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What the Heck is Pickleball?

A great question and if you've found this website then you've probably at least seen people playing the game or have heard about it and you are curious.


The following is taken from Wikipedia. Click to view more




Overview

Pickleball is a racquet sport in which two to four players use solid paddles made of wood or composite materials to hit a polymer perforated ball over a net. The sport shares features of other racquet sports, the dimensions and layout of a Badminton court, and a net and rules similar to tennis with a few modifications. Pickleball was invented in the mid 1960s as a children's backyard pastime but quickly became popular among adults as a fun game for players of all skill levels.

History

The game started during the summer of 1965 on Bainbridge Island, Washington, at the home of then State Representative Joel Pritchard who, in 1970, was elected to the U.S. House of Representatives for the State of Washington. He and two of his friends, Bill Bell and Barney McCallum, returned from golf and found their families bored one Saturday afternoon. They attempted to set up badminton, but no one could find the shuttlecock. They improvised with a Wiffle ball, lowered the badminton net, and fabricated paddles of plywood from a nearby shed.

Although some sources claim that the name "Pickleball" was derived from that of the Pritchard family dog, Pickles, other sources state that the claim is false, and that the name came from the term "pickle boat", referring to the last boat to return with its catch. According to Joan Pritchard, Joel Pritchard's wife, the name came "after I said it reminded me of the Pickle Boat in crew where oarsmen were chosen from the leftovers of other boats. Somehow the idea the name came from our dog Pickles was attached to the naming of the game, but Pickles wasn't on the scene for two more years. The dog was named for the game."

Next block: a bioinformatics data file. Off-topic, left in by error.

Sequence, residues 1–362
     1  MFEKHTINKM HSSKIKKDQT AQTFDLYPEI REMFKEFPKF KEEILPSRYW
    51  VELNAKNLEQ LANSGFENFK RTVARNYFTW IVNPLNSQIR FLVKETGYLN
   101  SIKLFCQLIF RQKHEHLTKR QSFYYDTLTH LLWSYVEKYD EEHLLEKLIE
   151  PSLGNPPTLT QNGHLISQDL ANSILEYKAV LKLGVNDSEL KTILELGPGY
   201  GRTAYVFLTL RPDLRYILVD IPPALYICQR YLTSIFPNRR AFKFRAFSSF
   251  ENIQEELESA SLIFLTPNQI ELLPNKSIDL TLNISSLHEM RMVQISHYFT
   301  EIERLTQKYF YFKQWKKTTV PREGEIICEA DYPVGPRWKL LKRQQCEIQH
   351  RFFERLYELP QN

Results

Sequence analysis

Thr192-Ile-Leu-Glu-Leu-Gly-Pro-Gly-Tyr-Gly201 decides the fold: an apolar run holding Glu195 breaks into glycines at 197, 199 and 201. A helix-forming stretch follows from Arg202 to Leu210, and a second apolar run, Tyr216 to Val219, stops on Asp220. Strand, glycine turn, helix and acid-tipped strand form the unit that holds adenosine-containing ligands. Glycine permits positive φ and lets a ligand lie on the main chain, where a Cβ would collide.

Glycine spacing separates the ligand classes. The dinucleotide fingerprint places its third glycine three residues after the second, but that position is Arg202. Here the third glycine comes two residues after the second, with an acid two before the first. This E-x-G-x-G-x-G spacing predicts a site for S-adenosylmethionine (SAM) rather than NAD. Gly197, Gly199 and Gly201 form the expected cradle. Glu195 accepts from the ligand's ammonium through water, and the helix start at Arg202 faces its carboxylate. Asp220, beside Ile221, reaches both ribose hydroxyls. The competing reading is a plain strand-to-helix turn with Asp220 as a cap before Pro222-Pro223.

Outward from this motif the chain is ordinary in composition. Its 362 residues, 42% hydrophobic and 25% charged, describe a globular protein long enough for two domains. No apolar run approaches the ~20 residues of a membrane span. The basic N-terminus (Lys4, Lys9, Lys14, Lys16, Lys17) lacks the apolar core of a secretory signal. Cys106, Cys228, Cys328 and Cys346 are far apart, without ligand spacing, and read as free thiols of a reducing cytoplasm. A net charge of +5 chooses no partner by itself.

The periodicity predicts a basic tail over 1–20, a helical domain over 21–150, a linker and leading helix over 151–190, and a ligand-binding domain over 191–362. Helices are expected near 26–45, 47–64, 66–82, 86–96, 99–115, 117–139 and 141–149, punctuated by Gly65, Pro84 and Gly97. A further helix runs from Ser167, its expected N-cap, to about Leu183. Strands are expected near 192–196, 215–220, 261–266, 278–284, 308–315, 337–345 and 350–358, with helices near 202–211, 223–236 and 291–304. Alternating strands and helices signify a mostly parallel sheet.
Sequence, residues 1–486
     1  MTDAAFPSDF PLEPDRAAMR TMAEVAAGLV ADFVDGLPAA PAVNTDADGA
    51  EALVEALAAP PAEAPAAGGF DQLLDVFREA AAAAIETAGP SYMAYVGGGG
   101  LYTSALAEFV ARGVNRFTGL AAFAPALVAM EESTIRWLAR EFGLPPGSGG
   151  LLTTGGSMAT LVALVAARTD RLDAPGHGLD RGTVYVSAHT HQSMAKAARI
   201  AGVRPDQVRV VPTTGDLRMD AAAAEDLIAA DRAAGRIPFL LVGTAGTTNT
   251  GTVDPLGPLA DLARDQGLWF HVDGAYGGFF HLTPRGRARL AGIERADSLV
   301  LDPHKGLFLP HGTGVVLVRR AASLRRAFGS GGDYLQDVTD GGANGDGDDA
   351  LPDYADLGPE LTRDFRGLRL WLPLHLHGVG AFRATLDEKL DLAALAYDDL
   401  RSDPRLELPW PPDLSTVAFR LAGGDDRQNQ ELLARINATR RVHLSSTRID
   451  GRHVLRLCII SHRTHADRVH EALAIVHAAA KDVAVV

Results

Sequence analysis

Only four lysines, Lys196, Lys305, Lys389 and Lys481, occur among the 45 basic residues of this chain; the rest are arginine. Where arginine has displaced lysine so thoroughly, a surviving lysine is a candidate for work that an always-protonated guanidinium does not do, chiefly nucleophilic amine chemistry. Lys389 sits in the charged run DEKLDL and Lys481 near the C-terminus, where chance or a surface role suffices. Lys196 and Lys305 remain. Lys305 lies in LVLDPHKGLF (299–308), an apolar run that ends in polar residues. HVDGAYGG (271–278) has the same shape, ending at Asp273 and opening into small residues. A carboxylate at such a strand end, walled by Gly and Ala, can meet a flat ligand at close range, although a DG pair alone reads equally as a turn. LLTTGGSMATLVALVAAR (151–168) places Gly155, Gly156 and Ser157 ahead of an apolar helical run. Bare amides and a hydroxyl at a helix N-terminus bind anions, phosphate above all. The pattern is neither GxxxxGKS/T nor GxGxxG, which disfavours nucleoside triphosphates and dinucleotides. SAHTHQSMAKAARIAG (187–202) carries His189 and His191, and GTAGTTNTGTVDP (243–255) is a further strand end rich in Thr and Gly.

Play

The ball is served with an underhand stroke so that contact with the ball is made below waist level (waist is defined as the navel level) in an upward arc from behind the baseline, diagonally to the opponent’s service zone. Points are scored by the serving side only and occur when the opponent faults (fails to return the ball, hits ball out of bounds, steps into the 'kitchen' area [the first seven feet from the net, also known as the non-volley zone] in the act of volleying the ball, etc.). A player may enter the non-volley zone to play a ball that bounces, and may stay there to play balls that bounce. The player must exit the non-volley zone before playing a volley. The first side scoring 11 points and leading by at least two points wins. The return of service must be allowed to bounce by the server (the server and partner in doubles play); i.e. cannot be volleyed. Consequently, the server or server and partner usually stay at the baseline until the first return has been hit back and bounced once. In doubles play, at the start of the game, the serving side gets only one fault before their side is out, and the opponents begin their serve. After this, each side gets 2 faults (one with each team member serving) before their serve is finished. Thus, each side is always one serve ahead or behind, or tied. In singles play, each side gets only one fault before a side out and the opponent then serves. The server's score will always be even (0, 2, 4, 6, 8, 10...) when serving from the right side, and odd (1, 3, 5, 7, 9...) when serving from the left side (singles play only).